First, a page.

Wimbledon, it’s a whole different ball game

“They act like they’ve got the biggest tournament in the world, and they’re right, they do.”
– Pete Sampras –

A new edition of Wimbledon has begun, with fresh grass courts, no overexposure of sponsors, long queues and a lot of white. It is obvious – Wimbledon is nothing like its Grand Slam counterparts.

Traditions, rules and more traditions

The tournament is surrounded by traditions. To start of there are the rules concerning clothing. Players are only allowed to wear white clothing or clothing which is practically completely white. However, each year boundaries are tested as players wear clothing that is a shade or inch away from breaking the rules. Although the clothing has to pass (multiple) inspection(s), at times solid colors seem to find their way onto the holy grass. For example Sharapova wore orange tights under her skirt at this years’s Championship.

No holy grass on holy Sunday

Another tradition is that the tournament starts on Monday. Despite the possibility of higher broadcast income when playing on Sunday, Wimbledon has kept the tradition to start on Monday. This tradition came about by the organization not wanting to be inconsiderate to religious neighbors by playing on Sunday.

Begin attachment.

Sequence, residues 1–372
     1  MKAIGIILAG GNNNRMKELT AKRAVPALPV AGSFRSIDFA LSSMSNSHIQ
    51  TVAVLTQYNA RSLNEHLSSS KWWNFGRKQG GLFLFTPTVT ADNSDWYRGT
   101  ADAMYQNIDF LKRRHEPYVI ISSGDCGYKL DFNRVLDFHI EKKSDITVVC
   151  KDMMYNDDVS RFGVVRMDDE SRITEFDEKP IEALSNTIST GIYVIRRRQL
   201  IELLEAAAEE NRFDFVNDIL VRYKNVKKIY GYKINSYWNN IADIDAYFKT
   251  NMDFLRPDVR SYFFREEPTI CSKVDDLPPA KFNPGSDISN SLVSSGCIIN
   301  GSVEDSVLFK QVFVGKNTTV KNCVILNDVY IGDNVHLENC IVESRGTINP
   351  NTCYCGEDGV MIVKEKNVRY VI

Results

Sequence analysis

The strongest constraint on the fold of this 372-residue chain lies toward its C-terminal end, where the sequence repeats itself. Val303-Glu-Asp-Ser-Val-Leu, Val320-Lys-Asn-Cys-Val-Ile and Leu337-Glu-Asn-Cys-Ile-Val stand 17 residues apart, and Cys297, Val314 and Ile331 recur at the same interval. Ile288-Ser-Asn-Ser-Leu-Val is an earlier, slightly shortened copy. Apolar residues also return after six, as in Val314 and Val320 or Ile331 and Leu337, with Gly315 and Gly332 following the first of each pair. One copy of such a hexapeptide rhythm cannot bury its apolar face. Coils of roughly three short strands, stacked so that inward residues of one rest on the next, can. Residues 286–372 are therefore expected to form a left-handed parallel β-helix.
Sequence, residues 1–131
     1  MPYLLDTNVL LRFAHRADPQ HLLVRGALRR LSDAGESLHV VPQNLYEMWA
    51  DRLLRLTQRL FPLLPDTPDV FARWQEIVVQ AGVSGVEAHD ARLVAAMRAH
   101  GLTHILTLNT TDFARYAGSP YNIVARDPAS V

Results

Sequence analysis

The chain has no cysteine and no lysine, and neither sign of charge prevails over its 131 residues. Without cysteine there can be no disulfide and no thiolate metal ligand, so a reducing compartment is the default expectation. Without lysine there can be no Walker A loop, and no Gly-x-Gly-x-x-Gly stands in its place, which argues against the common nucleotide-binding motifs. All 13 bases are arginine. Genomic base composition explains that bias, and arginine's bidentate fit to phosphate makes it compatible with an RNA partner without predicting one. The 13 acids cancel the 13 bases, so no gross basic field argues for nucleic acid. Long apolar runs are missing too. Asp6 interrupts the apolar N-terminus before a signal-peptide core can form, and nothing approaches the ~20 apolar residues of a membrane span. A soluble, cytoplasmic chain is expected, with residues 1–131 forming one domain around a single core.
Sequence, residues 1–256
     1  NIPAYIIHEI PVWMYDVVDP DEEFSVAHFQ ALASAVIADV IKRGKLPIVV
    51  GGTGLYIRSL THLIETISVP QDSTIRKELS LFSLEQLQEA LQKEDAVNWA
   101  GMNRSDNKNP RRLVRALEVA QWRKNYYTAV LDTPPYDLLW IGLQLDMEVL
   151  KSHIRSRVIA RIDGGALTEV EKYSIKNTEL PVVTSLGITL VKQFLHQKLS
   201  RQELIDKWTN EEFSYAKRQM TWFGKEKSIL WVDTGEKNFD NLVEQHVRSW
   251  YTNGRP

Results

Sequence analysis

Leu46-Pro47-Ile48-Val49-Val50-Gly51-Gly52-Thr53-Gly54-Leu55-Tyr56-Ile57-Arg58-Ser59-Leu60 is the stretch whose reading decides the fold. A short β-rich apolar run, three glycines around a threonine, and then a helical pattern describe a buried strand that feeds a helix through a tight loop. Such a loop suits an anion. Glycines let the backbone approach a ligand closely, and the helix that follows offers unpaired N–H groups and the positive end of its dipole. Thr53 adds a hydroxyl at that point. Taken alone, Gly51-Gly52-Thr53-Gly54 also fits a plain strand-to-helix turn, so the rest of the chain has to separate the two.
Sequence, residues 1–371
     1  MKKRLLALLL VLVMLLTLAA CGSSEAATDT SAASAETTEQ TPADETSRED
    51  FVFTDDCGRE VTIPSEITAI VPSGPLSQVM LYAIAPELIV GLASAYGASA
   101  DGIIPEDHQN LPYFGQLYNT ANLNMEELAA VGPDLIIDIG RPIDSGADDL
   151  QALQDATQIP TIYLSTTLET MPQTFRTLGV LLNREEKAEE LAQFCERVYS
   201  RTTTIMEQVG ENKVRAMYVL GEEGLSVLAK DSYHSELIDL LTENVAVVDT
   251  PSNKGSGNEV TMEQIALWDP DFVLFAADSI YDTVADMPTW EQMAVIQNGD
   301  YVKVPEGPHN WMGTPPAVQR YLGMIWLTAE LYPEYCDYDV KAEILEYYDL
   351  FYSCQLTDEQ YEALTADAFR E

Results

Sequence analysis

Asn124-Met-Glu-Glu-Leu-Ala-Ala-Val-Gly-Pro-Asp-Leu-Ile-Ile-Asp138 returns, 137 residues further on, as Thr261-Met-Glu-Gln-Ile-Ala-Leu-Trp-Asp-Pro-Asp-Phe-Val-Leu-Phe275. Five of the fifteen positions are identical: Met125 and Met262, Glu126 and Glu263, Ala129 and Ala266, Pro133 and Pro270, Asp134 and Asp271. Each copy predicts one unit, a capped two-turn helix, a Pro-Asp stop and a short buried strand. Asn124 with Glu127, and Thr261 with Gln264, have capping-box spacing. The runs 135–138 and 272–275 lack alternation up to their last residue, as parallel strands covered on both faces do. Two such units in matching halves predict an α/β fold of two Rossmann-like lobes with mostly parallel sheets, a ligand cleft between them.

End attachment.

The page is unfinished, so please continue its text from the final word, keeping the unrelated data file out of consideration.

Wimbledon also refrains from scheduling matches on ‘Middle Sunday’. Normally used as a rest day, matches are only scheduled on this day when weather conditions hinder play during the first week of the Championship. When matches are played on ‘Middle Sunday’ it turns into ‘People’s Sunday’, where tickets are sold for affordable prices and reservations are not required. With everyone having a chance at tickets, fan experience during these days is greatly improved.

Not prominent, but strong indeed

While Roland Garros is covered with, maybe too much so, brands and sponsor stands and goodies, The All England Club is characterized by minimal visual branding during Wimbledon. Around the grounds and on the courts subtle marketing is used at appropriate and expected places. For example, Ralph Lauren can be found on the uniforms of the ball kids and the officials, Slazenger on the balls, is Rolex the official timekeeper and tracks IBM the scores. Although hardly present visually, those of us watching know Wimbledon’s ‘suppliers’. Such brand recognition can only be reached when organization and sponsors have long-term commitments, which is indeed the case.

Generally, it will take time for sponsors to benefit, if ever. It will probably take even longer when it is done in such a subtle manner. Nevertheless, it is far less intrusive than the opening-the-bottle-sound played during every break at Roland Garros, making it a far better brand experience.